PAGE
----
Well, a security researcher has revealed a new WiFi hacking technique that makes it easier for hackers to crack WiFi passwords of most modern routers.
Discovered by the lead developer of the popular password-cracking tool Hashcat, Jens 'Atom' Steube, the new WiFi hack works explicitly against WPA/WPA2 wireless network protocols with Pairwise Master Key Identifier (PMKID)-based roaming features enabled.
The attack to compromise the WPA/WPA2 enabled WiFi networks was accidentally discovered by Steube while he was analyzing the newly-launched WPA3 security standard.
This new WiFi hacking method could potentially allow attackers to recover the Pre-shared Key (PSK) login passwords, allowing them to hack into your Wi-Fi network and eavesdrop on the Internet communications.
How to Hack WiFi Password Using PMKID
Whereas, the new attack no longer requires another user to be on the target network to capture credentials. Instead, it is performed on the RSN IE (Robust Security Network Information Element) using a single EAPOL (Extensible Authentication Protocol over LAN) frame after requesting it from the access point.
Also Read: How to Hack WPA2 WiFi Protocol Using KRACK Attack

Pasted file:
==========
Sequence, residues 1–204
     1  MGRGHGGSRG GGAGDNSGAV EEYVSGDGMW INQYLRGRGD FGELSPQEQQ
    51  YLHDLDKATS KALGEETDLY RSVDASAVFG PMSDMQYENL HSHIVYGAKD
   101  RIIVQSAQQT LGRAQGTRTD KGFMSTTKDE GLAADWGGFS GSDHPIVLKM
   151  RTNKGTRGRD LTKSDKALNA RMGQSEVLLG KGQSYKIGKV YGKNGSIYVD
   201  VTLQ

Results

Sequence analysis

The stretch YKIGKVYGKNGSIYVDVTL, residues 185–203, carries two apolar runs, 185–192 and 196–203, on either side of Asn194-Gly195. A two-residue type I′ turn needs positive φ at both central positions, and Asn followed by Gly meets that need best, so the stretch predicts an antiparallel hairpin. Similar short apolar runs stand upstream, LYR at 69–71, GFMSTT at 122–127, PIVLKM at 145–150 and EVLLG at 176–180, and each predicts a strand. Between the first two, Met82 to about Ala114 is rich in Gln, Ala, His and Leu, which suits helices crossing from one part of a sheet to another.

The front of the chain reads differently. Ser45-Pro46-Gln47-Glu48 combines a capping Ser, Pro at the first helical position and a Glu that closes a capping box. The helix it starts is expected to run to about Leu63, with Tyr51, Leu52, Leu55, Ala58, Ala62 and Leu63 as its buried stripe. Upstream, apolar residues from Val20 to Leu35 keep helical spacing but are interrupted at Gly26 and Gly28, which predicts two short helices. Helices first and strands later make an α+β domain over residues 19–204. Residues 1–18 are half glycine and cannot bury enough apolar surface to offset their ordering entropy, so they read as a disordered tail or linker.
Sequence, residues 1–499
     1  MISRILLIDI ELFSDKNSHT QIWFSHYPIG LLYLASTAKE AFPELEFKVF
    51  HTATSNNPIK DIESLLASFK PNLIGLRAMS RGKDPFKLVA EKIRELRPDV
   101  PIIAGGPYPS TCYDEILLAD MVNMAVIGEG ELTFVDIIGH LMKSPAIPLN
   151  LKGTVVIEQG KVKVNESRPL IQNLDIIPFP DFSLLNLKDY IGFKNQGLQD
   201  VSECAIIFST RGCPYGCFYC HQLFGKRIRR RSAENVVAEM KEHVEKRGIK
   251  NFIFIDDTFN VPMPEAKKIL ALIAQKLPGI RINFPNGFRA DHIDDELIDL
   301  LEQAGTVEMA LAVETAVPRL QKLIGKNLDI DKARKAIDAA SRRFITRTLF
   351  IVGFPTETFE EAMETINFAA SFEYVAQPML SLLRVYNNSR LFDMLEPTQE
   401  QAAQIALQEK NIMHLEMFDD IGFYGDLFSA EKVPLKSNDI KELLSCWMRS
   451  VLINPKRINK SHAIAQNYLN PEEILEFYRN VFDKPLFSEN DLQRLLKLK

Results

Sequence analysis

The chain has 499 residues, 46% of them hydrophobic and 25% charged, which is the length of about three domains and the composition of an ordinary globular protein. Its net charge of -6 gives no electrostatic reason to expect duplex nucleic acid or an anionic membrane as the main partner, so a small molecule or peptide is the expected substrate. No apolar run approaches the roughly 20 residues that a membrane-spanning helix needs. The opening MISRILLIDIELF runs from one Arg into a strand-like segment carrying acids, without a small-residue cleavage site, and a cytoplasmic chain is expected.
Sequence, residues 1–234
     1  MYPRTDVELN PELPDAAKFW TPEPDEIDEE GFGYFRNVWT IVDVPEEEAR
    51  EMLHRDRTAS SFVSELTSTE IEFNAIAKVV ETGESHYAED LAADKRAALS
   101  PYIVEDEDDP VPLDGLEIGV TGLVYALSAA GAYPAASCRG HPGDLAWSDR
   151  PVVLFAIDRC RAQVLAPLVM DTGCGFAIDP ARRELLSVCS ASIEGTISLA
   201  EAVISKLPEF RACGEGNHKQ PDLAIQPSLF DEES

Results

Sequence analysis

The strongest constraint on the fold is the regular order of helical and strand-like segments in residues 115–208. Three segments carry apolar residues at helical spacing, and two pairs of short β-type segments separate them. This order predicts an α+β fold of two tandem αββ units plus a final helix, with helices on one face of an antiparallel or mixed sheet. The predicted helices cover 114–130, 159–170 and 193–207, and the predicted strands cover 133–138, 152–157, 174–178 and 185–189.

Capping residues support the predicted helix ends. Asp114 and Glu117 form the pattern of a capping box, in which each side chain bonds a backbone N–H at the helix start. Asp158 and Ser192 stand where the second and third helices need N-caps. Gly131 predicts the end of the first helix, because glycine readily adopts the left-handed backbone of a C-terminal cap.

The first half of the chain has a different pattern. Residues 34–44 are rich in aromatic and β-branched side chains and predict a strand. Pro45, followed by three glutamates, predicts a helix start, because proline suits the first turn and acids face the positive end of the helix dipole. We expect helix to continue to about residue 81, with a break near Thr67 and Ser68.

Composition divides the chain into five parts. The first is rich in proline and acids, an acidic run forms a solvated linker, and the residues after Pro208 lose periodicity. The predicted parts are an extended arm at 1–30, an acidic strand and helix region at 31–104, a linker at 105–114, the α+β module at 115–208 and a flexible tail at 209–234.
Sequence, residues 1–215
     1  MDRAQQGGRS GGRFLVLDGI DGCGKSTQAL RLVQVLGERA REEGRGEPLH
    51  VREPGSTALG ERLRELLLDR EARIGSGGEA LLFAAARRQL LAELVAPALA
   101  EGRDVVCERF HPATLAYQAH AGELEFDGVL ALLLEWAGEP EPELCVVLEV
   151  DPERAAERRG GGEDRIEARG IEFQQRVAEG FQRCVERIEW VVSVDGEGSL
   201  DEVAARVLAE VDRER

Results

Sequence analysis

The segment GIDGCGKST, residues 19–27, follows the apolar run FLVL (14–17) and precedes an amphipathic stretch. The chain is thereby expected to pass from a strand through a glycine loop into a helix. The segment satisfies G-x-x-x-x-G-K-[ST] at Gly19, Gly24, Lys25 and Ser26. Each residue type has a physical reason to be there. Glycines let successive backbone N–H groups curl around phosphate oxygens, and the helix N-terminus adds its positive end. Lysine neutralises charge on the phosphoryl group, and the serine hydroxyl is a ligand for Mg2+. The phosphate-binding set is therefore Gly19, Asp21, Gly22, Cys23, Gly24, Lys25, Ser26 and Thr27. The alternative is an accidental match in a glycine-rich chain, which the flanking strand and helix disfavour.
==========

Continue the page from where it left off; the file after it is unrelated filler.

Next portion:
Robust Security Network is a protocol for establishing secure communications over an 802.11 wireless network and has PMKID, the key needed to establish a connection between a client and an access point, as one of its capabilities.
Step 1 — An attacker can use a tool, like hcxdumptool (v4.2.0 or higher), to request the PMKID from the targeted access point and dump the received frame to a file.
$ ./hcxdumptool -o test.pcapng -i wlp39s0f3u4u5 --enable_status
Step 2 — Using the hcxpcaptool tool, the output (in pcapng format) of the frame can then be converted into a hash format accepted by Hashcat.
$ ./hcxpcaptool -z test.16800 test.pcapng
Step 3 — Use Hashcat (v4.2.0 or higher) password cracking tool to obtain the WPA PSK (Pre-Shared Key) password, and bingo, that's how to hack wifi password.
$ ./hashcat -m 16800 test.16800 -a 3 -w 3 '?l?l?l?l?l?lt!'
That's the password of the target wireless network, cracking which may take time depending on its length and complexity.
"At this time, we do not know for which vendors or for how many routers this technique will work, but we think it will work against all 802.11i/p/q/r networks with roaming functions enabled (most modern routers)," Steube said.
Since the new WiFi hack only works against networks with roaming functions enabled and requires attackers to brute force the password, users are recommended to protect their WiFi network with a secure password that's difficult to crack.
This WiFi hack also does not work against next-generation wireless security protocol WPA3, since the new protocol is "much harder to attack because of its modern key establishment protocol called "Simultaneous Authentication of Equals" (SAE)."
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